A Hays County jury on Thursday sentenced a San Marcos teenager to 16 years in prison for killing his sister’s ex-boyfriend with a 12-gauge shotgun in a front yard near the Holland Hills neighborhood.
The same jurors had earlier convicted Damian Cuellar, 19, of criminal homicide, but said he acted in sudden passion, which lowered the crime to second-degree murder — and the maximum sentence from 99 to 20 years in prison. His trial started on Monday in 207th State District Judge Jack Robison’s court.
Prosecutors said Cuellar shot his sister’s ex-boyfriend, 30-year-old Brandon Valdez, in February in front of an apartment at 141 Coers Drive, just off Old Ranch Road 12. Valdez returned to the home to retrieve belongs he left there, got into an argument with with Cuellar, punched him in the face and then pushed the younger man into a door.
“They exchanged words in the door of apartment complex and Valdez punched in the nose. That’s when he went back inside to get his gun,” Hays County first assistant District Attorney Fred Weber said.
After retrieving his weapon, Cuellar crawled out a back window and ran around to the front of the residence, where he shot and killed Valdez with one shotgun blast. He then waited for San Marcos police to arrive and arrest him.
The Texas Penal code allows juries to hand down less severe punishments in murder cases if they determine the defendant acted in “sudden passion caused by and arising out of provocation by the individual killed or another acting with the person killed which passion arises at the time of the offense.”
Amanda McDaniel, Cueller’s court-appointed attorney, could not be immediately reached this morning. The Mercury will update the story when we hear from her.
Cuellar’s defense attorney, Amanda McDaniel, said a jury decision that convicted her client of murder but will allow him to be eligible for parole in less than eight years is “a just verdict.”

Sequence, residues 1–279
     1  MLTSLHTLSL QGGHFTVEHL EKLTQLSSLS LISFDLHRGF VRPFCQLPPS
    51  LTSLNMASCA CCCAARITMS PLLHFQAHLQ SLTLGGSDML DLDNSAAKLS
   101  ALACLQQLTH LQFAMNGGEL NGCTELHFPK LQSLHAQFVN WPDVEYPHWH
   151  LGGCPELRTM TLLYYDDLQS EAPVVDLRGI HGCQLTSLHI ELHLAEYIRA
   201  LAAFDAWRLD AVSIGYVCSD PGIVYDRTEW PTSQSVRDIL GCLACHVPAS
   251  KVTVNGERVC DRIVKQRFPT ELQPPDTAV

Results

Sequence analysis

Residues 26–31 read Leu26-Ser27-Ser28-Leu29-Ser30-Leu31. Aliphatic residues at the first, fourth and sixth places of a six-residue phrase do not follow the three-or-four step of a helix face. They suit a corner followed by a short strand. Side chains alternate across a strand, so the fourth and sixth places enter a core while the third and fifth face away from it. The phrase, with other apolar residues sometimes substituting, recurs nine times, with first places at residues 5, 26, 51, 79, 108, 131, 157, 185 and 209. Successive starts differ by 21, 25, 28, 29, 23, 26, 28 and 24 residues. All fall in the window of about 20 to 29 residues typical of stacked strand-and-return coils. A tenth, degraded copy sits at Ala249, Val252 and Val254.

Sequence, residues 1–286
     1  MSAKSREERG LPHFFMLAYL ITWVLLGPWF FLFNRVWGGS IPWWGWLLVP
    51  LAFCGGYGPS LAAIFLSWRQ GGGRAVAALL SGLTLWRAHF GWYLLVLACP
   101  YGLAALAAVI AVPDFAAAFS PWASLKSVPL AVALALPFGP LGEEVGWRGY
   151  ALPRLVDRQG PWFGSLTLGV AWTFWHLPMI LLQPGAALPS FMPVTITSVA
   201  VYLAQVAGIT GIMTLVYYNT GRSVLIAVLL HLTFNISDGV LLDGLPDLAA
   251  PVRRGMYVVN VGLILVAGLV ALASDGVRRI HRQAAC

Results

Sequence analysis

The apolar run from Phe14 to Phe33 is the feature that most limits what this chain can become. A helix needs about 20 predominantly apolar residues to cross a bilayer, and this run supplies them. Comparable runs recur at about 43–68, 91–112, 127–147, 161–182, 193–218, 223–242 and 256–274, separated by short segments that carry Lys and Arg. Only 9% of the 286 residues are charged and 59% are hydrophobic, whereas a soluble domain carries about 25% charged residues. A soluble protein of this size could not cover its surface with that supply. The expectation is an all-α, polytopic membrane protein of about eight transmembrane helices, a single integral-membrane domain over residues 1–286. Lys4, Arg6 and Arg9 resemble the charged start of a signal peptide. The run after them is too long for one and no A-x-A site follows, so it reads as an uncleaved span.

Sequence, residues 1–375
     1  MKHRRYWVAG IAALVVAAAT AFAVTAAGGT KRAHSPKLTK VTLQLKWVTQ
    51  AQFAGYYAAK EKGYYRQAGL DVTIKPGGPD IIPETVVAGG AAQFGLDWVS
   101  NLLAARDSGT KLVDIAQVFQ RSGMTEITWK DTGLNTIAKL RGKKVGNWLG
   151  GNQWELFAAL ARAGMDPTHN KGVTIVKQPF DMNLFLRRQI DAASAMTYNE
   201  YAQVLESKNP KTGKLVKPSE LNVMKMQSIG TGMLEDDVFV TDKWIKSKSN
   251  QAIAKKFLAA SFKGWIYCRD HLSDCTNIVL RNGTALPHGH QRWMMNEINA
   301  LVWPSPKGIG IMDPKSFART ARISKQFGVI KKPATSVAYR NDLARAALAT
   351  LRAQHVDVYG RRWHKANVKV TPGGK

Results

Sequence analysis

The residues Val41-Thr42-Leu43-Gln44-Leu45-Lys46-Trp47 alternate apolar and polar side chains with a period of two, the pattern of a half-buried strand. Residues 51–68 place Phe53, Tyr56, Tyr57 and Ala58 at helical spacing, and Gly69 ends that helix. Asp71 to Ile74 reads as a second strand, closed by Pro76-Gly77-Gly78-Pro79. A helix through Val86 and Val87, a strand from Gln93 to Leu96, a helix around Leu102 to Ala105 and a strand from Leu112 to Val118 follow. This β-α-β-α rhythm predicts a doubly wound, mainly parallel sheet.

“Damian acknowledged that he made a mistake and that he is going to pay a price for it. But he is not going to pay for it with his whole life,” McDaniel said on Friday.
On Thursday, a Hays County jury convicted Cuellar of killing Brandon Valdez, his sister’s ex-common law husband, after a fight in February this year. Valdez came to Cuellar’s apartment on Coers Drive to pick up tattoo equipment that Cuellar was holding for collateral on a debt.
Cuellar arrived home from work at a construction company to in Seguin to find an angry Valdez at his home. After being punched and pushed by Valdez, Cuellar fetched a shotgun from inside the residence and returned outside to shoot his attacker.
Because the jury determined that Cuellar had acted in “sudden passion” caused by “provocation by the individual killed,” his murder conviction was reduced from a first- to a second-degree felony and the maximum prison sentence lowered to 20 year from 99 years or life. The jury gave Cuellar 16 years.
Because Cuellar used a deadly weapon in the commission of the crime, he must serve at least half his sentence before being eligible for parole, McDaniel said.
With credit for time he has spent in jail since the shooting in February, Cuellar will be eligible for consideration for parole in about seven a half years.